Reporting and Interpreting Liabilities
My favorite chapter in this course was reporting and interpreting liabilities. For many people, liabilities are something they always want to avoid. However, this chapter has taught that liabilities are paramount in business, and can be an unimpeachable source of capital, which can be turned into returns. What matters is proper management and knowing how to interpret them. Surprisingly, having liabilities is the same as using resources that one does not own for the purposes of making profits with cost of the liability being the interest paid. Additionally, learning how to account for the liabilities was another reason that made this chapter tremendously important. Although many people and businesses are happy receiving money, none is happy losing or giving out. Learning how to account for the liabilities helps in maintaining them at a manageable level depending on the ability of the assets.
The concept that I found most difficult in this chapter is accounting for contingent liabilities. Contingent liabilities are potential payments that arise from past events. However, their payment or resolution will be dependent upon other events in the future. Accounting for contingent liabilities required anticipating the likelihood of their occurrence in the future. Their dependence on future events creates a lot of uncertainties. This requires one to evaluate the possibility of this contingency ever resulting to a liability. This is quite hard because it also requires estimating the amount of the liability. If the liability cannot be estimated, one has to describe it in the financial reports, which makes accounting for it even harder.
One of the easiest concepts in this chapter was the calculation and evaluation of the company using Quick Ratio and the Times Interest Earned Ratio. What made this concept of analyzing the company using ratios was the ease of the calculations. In addition, the information needed for calculation such as current assets is always available in the financial reports. For instance, calculating the quick ratio is just a matter of dividing the current assets with the current liabilities. This simply indicates the number of times the most liquid assets of the company can pay up the current liabilities in case there is a need to do so at once. This ratio is quite simple to calculate and interpret as well. Another reason that makes the concept of evaluating a company using ratios is because it is not time consuming. To find out the health of a company using ratios takes only a few minutes considering it is a matter of comparing figures, and determining how they relate with each other. For instance, to find out whether a company can pay its interests one only requires find out if it has generated enough income to do so. This is where the Times Interest Earned Ratio comes in.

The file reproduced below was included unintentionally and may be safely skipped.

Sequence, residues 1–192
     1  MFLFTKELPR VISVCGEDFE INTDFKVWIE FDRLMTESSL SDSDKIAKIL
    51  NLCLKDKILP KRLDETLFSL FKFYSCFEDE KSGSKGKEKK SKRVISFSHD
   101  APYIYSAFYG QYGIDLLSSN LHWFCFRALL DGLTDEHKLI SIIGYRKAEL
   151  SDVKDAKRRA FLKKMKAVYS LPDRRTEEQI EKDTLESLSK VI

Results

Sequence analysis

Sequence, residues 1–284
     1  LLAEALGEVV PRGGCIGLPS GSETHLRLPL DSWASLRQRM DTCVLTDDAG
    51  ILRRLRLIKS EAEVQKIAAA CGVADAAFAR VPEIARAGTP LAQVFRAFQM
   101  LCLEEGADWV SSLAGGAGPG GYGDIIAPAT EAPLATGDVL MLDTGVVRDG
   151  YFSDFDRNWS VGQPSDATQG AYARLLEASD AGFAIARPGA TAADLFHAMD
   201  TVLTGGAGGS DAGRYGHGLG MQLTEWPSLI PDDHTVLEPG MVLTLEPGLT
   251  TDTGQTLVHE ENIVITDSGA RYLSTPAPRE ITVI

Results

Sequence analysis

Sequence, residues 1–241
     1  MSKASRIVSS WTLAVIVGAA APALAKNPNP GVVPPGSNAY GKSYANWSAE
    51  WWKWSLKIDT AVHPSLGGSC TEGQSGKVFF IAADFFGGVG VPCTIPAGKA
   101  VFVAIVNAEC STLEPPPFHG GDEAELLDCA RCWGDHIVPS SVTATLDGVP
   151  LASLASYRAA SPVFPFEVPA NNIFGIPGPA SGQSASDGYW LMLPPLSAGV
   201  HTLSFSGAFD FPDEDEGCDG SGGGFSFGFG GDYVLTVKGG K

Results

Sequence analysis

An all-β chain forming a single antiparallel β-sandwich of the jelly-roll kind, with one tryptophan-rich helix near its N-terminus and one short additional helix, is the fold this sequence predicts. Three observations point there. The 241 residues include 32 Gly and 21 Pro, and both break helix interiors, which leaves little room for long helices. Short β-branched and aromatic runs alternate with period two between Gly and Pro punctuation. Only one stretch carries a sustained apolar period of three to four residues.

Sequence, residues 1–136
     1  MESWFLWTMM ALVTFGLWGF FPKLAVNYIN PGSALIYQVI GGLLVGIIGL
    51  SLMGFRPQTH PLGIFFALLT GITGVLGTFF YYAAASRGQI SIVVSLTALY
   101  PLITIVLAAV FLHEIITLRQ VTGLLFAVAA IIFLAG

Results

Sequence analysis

One suggestion that I have for improving this course is use of more real examples from companies. Contrary to many people’s thinking, accounting is quite different from mathematics because it is not absolute. It does not follow on just formulas like mathematics does. In accounting, there is not single answer. Perfecting depends on practice and understanding the concepts. In addition, the answers are used for making decisions. Learning why certain companies make decisions using accounting would be pivotal in understanding this course deeper. In addition, use of real company examples would offer more experience in accounting.
I feel that I will use this accounting information in the future because I plan to pursue a career in accounting. In addition, it will help me in managing my assets and getting the best returns out of them. This course is quite crucial for people who invest, which I believe I will do in the future. Overall, the information provided in this course will be exceptionally crucial in making financial decisions everywhere I go.